Watching Wood Dry
An understanding of the wood drying process at a microscopic level could help sellers of lumber and firewood dry their products more efficiently. However, there is no complete theory for the drying of this complex material. New experiments using MRI and x-ray imaging reveal that water deep in wood pores must soak into the solid material and then diffuse to the surface in order to escape, rather than finding routes to the surface through connected voids . The results may have relevance for the drying of similar materials in industrial settings, such as food products.
It takes more energy to burn a wet log than a dry one, so commercial firewood needs to be dry, as does construction lumber, to prevent warping. Many researchers studying the drying process believe that it occurs in two stages. In the first, liquid water evaporates at the surface, creating capillary forces that draw internal water outward. In hardwoods, this “free water” flows through interconnected voids (softwoods lack these large pores). In the second stage of drying, the picture is less clear, but researchers call it “diffusion dominated.” This term can refer to water vapor escaping from voids or to “bound water”—which has soaked into the solid portions of the material—diffusing to the surface, or both. Many researchers also believe that during this stage, a dry layer forms at the surface and grows in thickness, says Philippe Coussot of Gustave Eiffel University in France.
However, the physical details of the two stages and the transition between them—especially regarding their relationship with the unusual microscopic structure of wood—have not been well understood, Coussot says. And the few experimental studies have given some conflicting results. To investigate the problem at both macroscopic and microscopic scales, Coussot and his colleagues used several techniques that had not previously been combined for this purpose, including MRI and x-ray imaging.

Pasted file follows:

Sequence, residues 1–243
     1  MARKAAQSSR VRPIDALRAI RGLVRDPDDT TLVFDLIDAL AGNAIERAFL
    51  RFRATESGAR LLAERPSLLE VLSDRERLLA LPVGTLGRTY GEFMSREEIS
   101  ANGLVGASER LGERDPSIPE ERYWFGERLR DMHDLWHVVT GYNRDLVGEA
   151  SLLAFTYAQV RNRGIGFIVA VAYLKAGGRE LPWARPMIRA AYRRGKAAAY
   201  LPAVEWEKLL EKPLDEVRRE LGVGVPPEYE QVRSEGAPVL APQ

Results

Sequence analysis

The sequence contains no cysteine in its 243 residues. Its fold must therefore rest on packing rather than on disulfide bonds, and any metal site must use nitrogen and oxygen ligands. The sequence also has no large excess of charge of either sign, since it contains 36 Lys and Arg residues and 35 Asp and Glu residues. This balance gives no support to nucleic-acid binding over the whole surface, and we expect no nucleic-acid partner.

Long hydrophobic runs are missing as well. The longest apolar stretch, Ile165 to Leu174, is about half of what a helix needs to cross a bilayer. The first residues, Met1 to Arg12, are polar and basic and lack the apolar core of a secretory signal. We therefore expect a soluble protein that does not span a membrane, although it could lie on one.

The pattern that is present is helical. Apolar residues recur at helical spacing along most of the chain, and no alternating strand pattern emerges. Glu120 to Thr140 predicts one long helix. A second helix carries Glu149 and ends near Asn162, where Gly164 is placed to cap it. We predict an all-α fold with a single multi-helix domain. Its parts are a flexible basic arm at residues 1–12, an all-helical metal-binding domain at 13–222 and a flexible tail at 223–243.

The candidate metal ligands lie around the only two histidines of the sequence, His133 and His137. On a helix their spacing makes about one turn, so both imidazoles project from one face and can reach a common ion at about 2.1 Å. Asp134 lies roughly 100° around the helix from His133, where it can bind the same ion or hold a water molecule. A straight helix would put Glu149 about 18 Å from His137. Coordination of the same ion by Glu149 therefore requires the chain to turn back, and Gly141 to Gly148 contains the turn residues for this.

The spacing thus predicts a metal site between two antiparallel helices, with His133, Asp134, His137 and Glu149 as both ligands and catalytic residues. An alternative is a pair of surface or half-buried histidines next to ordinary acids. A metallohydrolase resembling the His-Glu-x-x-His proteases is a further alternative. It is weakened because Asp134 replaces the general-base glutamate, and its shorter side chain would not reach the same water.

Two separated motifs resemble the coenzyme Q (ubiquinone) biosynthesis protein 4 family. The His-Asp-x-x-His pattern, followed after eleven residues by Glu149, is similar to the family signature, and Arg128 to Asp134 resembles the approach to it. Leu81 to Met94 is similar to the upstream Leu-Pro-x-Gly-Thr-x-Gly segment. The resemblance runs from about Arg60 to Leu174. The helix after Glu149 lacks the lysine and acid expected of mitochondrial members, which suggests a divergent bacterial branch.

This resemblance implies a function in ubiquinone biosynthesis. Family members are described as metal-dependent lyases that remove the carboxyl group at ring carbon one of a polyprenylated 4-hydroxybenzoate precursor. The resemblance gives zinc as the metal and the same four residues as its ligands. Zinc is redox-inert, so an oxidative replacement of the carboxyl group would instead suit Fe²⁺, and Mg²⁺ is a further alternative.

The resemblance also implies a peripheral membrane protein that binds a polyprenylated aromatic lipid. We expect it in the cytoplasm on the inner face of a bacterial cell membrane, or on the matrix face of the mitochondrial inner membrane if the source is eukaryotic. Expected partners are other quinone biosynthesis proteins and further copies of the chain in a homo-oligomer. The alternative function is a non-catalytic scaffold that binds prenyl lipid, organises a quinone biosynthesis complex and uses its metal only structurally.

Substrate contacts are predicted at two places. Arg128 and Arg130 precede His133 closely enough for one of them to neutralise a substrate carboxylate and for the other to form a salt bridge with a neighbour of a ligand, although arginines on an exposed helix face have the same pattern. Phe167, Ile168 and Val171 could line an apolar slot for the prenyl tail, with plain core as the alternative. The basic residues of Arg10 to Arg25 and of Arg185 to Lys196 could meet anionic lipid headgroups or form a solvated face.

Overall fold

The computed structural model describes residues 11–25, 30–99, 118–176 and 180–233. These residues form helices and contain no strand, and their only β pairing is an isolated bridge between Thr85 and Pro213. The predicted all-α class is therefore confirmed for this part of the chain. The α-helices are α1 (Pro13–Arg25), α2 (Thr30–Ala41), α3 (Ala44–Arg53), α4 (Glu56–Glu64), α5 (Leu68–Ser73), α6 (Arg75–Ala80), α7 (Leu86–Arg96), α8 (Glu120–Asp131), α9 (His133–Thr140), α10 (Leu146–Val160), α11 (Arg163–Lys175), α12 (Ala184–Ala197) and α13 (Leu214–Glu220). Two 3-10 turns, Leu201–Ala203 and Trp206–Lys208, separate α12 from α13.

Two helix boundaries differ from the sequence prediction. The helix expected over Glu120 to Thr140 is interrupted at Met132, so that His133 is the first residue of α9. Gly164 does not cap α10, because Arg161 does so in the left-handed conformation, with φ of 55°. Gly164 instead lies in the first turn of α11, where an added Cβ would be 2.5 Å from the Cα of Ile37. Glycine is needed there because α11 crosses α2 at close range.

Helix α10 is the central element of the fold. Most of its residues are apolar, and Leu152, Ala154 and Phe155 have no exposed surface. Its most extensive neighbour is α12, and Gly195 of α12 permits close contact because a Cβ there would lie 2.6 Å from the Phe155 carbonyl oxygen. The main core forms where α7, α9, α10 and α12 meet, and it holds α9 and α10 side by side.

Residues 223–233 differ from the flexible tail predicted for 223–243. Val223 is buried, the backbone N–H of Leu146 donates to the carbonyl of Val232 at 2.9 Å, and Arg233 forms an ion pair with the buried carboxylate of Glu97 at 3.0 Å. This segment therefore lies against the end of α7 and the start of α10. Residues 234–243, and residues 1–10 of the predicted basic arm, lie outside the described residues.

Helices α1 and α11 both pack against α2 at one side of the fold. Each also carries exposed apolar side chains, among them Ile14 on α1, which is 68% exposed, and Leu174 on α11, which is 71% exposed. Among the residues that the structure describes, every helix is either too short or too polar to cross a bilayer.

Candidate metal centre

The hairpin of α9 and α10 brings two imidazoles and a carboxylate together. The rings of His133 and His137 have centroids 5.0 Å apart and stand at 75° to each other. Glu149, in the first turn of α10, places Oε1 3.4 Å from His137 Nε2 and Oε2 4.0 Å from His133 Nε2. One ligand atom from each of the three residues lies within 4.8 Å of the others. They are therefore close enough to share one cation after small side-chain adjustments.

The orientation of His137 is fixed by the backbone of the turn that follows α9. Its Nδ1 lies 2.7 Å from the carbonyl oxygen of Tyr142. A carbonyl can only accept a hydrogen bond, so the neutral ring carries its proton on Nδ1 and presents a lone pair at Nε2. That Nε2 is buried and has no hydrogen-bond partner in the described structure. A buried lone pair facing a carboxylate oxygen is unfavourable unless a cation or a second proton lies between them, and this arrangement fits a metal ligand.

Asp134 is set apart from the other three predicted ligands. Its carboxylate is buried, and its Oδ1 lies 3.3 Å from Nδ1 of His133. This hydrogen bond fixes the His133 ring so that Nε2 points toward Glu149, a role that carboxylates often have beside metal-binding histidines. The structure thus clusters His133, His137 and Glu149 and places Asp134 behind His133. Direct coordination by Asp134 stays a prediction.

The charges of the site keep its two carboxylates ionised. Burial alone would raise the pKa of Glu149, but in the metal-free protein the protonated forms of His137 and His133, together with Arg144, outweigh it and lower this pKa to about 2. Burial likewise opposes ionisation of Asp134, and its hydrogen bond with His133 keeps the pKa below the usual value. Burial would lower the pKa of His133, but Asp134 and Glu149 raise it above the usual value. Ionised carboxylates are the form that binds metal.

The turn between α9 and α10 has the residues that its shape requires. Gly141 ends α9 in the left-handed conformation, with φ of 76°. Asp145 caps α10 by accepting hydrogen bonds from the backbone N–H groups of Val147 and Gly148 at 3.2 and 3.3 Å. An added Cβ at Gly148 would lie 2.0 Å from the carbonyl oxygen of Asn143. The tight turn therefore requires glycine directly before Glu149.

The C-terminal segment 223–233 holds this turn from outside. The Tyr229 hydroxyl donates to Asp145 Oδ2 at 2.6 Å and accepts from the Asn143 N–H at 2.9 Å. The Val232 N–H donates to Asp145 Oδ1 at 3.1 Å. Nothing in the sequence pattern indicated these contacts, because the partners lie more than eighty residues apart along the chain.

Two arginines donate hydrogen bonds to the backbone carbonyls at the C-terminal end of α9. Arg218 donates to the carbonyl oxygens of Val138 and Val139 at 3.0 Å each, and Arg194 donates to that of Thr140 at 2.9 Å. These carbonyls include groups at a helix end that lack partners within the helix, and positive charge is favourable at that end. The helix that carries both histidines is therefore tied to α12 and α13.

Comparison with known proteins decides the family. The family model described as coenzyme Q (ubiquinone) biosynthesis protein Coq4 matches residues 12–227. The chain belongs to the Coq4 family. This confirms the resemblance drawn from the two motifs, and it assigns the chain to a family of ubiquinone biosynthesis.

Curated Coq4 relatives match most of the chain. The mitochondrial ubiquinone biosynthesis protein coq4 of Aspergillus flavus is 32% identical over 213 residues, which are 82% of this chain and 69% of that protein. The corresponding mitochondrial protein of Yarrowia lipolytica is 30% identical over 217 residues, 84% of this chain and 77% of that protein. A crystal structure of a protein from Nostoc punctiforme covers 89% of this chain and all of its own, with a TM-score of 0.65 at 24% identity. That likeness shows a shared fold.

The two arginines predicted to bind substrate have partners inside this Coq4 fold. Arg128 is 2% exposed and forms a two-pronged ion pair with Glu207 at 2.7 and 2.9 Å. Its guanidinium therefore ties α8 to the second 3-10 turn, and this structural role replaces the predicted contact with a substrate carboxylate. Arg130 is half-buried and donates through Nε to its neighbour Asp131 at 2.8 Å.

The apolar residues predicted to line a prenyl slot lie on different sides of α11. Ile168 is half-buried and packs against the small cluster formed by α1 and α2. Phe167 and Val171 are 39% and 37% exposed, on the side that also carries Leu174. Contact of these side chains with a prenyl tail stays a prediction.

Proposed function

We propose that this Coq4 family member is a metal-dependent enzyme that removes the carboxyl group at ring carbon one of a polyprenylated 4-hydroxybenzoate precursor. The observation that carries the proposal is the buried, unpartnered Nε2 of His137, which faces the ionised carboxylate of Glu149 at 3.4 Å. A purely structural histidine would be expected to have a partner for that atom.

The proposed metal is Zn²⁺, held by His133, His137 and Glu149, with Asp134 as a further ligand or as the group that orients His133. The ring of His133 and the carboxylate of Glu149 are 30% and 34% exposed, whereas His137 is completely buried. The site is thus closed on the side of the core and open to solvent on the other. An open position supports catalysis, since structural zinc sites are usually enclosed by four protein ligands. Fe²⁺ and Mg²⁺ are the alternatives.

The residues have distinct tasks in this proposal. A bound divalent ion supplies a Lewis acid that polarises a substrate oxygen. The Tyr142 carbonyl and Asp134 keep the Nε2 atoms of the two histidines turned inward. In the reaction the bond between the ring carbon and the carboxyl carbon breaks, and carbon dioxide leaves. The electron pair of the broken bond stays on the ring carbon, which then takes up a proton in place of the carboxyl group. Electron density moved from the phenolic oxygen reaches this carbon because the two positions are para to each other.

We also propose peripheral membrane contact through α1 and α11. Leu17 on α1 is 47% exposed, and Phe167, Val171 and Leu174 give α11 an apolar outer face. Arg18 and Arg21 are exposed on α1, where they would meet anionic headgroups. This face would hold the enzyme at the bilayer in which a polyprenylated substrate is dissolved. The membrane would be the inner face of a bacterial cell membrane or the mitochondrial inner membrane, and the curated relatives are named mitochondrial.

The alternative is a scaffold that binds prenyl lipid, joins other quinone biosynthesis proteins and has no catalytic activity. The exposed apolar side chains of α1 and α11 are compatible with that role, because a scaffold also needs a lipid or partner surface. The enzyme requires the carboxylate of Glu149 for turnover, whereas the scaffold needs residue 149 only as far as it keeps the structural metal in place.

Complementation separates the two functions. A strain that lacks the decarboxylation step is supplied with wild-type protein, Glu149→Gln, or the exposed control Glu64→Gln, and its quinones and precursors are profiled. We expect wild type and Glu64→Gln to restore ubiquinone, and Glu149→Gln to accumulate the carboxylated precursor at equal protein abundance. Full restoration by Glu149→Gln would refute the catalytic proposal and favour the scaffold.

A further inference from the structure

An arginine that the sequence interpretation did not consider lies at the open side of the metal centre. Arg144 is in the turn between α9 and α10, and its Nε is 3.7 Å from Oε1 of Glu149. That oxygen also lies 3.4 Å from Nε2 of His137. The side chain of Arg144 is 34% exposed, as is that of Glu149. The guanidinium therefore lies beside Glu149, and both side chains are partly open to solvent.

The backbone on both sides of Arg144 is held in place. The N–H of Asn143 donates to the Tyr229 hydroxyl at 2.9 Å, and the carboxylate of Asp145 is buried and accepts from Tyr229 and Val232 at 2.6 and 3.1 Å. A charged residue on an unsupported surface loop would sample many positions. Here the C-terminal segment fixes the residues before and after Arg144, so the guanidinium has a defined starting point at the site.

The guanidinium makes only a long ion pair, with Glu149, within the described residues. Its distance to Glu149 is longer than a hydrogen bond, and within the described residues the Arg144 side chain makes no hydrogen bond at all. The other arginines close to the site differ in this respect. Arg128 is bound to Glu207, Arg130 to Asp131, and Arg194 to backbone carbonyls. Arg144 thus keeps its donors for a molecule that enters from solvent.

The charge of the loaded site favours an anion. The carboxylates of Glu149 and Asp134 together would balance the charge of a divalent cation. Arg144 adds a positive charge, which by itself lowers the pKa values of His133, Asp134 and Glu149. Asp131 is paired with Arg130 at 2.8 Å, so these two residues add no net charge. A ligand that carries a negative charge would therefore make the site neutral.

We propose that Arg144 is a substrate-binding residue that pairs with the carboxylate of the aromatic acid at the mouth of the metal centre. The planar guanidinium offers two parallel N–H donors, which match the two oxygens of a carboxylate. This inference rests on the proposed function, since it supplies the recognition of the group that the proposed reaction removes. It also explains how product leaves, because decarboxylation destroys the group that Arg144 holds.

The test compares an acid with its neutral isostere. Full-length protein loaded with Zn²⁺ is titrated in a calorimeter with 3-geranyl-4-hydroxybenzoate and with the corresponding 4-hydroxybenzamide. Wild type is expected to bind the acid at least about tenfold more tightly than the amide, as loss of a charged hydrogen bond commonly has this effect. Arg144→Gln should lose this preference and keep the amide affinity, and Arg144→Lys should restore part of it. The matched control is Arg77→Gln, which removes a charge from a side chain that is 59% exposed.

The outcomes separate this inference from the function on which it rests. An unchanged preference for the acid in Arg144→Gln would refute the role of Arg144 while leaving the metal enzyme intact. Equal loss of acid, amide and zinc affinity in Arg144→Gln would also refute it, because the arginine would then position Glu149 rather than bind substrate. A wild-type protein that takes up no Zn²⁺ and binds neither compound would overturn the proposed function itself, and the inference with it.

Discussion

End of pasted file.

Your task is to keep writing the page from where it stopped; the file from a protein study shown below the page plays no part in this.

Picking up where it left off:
The team observed the drying of cylindrical samples of freshly cut poplar (a hardwood) or poplar left soaking for a few days, often measuring for over a week. Each sample was between 0.5 and 4 cm thick in all three dimensions, and all faces but one were covered with impermeable tape, to limit evaporation to a single surface. With the exposed surface at the top, the water conduits were oriented vertically. In hardwoods, these pores come in two types: vessels, which are long, 100-micrometer-wide tubes; and fibers, which are short, 10-micrometer-wide cavities. During drying, the researchers used nuclear magnetic resonance (NMR) to track the amount of each population of water remaining in the sample—bound water, free water in fibers, and free water in vessels.
With a relatively slow initial drying rate (controlled in the lab by airflow rate, for example), the team found that for most of the process, the drying rate remained constant. This observation suggested that a sufficient amount of water must have been continuously transported to the open surface to keep the surface wet. Such water transport has been seen in simple porous systems, such as tight packings of beads, but in those cases, the fluid flows through a continuously connected network of pores and is extracted by capillary action. Wood lacks a continuous network, at least for the short fibers, so the team reasoned that bound water must be involved.
The NMR data showed that bound water started disappearing only when all of the free water had left, and x-ray computed tomography (XRCT) images revealed droplets of free water in vessels apparently being absorbed into the walls. Finally, the MRI showed that the free water remained distributed evenly throughout the sample as it gradually disappeared, suggesting that whatever was pulling the water up was effective all the way to the bottom of the sample.
Coussot and his colleagues concluded that free water doesn’t simply flow up through vessels via capillary action, nor does water vapor diffuse through pores in a significant way. Instead, the evaporation at the surface is mainly from bound water that continually diffuses upward, which causes free water to be sucked into the walls of vessels and fibers throughout the sample to become part of this “flow” of bound water. After the free water is gone, bound water continues to diffuse to the open surface. There is also no expanding dry layer, as is commonly assumed, at least for slow initial drying rates.
“Given how ubiquitous this process is in applications, the authors’ measurements of the water profile in wood as it dries are important and widely useful,” says biological and chemical engineer Sujit Datta from Princeton University. “They were able to show that diffusion of bound water controls the [wood] drying process, unlike other typical porous media.”
Ruma Arabatti is a Physics science writing intern.
- H. Penvern et al., “How bound water regulates wood drying,” Phys. Rev. Applied 14, 054051 (2020).